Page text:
|Katrina Reid (left) and Okwui Okpokwasili|
in Poor People's TV Room
(photo: Paul B. Goode)
Follow me, follow me....
A gentle, haunting refrain concludes Okwui Okpokwasili's Poor People’s TV Room, shown now at New York Live Arts. The sweetness of that final plea cuts to the soul. The artist, with her multitude of tools and methods, draws us closer to a forgotten people and removes some of the false comfort of distance and ignorance.
For this complex, 90-minute piece, Okpokwasili drew impetus from the resistance of Nigerian women against British colonialism and, more recently, their organizing for the return of 300 girls kidnapped by the militant group, Boko Haram. Teaming up again with director/visual designer Peter Born, with whom she shares two Bessie Awards, Okpokwasili reshapes not only the stage space at New York Live Arts but the way in which the meaning of a potentially didactic history can be artfully conveyed through an assured blend of movement, text, song and imagery.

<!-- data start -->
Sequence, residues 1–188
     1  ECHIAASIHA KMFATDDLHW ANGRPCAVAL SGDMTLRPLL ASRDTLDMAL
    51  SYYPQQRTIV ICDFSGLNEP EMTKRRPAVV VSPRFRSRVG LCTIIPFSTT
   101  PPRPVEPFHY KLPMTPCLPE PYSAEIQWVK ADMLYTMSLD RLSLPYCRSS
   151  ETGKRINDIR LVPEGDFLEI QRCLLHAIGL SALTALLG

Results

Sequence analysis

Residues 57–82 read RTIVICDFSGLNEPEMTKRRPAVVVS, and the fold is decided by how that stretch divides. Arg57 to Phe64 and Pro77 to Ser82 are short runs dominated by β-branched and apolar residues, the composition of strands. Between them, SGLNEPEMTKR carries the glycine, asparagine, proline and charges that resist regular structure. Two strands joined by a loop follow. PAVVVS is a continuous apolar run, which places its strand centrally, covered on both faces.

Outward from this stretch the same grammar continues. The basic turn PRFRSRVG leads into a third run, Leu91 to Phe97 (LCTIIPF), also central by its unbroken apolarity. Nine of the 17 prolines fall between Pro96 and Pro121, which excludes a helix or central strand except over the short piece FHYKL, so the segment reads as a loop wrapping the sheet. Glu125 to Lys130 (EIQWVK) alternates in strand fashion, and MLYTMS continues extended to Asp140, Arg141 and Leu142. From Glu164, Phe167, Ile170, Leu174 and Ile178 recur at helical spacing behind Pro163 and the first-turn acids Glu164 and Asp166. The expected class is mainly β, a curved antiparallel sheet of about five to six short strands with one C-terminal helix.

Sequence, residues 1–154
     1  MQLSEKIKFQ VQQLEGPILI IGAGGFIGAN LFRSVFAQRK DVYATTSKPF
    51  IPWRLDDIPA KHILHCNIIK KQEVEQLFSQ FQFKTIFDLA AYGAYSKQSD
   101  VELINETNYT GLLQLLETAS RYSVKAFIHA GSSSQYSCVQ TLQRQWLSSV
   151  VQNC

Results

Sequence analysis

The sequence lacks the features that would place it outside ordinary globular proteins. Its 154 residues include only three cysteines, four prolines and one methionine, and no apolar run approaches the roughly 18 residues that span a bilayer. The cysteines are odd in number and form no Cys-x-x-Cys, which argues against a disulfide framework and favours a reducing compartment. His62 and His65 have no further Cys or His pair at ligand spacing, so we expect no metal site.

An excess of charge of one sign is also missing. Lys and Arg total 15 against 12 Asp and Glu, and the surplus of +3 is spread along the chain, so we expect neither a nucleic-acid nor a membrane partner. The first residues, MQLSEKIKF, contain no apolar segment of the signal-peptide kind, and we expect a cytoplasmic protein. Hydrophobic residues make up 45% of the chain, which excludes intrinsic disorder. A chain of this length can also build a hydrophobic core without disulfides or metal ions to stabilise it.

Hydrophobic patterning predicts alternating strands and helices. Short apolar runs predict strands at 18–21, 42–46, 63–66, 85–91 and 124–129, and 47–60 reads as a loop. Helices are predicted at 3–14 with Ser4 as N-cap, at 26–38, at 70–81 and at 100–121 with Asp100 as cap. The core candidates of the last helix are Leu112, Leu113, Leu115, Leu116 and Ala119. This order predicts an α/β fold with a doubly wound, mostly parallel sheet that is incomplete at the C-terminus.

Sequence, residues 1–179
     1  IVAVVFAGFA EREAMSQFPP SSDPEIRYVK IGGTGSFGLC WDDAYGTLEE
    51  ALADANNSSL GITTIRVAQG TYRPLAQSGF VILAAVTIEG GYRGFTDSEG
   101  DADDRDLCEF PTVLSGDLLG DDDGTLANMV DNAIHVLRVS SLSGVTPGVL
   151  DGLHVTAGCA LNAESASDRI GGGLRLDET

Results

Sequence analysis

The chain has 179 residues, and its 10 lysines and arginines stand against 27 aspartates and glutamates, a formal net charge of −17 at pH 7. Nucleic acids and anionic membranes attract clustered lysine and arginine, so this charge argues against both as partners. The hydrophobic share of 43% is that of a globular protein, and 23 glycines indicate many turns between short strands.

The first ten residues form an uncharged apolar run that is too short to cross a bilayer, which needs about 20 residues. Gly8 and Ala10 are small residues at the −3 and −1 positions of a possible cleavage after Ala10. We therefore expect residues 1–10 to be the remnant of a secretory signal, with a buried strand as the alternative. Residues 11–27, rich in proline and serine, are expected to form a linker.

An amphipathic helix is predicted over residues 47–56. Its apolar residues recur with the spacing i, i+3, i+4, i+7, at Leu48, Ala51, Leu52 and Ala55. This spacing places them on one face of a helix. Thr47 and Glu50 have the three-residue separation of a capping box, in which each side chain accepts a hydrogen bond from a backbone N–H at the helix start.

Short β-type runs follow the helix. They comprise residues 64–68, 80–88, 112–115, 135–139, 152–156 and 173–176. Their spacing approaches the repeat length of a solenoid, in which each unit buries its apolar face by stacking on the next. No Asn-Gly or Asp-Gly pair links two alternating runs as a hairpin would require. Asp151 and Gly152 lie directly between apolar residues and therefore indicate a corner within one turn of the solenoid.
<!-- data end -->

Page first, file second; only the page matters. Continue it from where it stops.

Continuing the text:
Born's set hacks a wedge of space out of the wide NYLA stage and litters it with things the eye works hard to identify or, if identified as they are used, resolve into an overall coherence. His lighting ranges from withholding to assaulting, mostly making us aware that there's so much we will not see, cannot interpret, might never reach. Like Okpokwasili singing "I am the face beneath the sand...," or a figure draped entirely in jet black cloth somehow twinkling from Born's harsh light, the visual space of the work tantalizes us with the possibility and impossibility of discovery. Or the unreliability of discovery.
For my part, I will long carry the image of a woman--Okpokwasili, it turned out--pressed into the far side of a wide stretch of translucent fabric, rising into elusive visibility like ectoplasm. I struggled with the violent mechanical sounds, which viewers readily feel within their own bodies. And I wondered at the tiny skitter steps of elder Thuli Dumakude, South African-born star of music and stage, and the precise, if arcane, gestures performed by the younger Black American artist Katrina Reid. Both bodies, at the epicenter of violent force, confront and defy the oppressive sound. Or so it seemed to me.
Poor People's TV Room is a robust creation transcending category for real and not just in the academic talk we've come to expect. But it's thrilling to know that an artist of the body, a dancer, envisioned and guided this achievement.
Thuli Dumakude, Okwui Okpokwasili, Katrina Reid and Nehemoyia Young
Poor People's TV Room continues with performances April 21-22 and April 26-29, all at 7:30pm. For information and tickets, click here.
New York Live Arts
219 West 19th Street (between 7th and 8th Avenues), Manhattan
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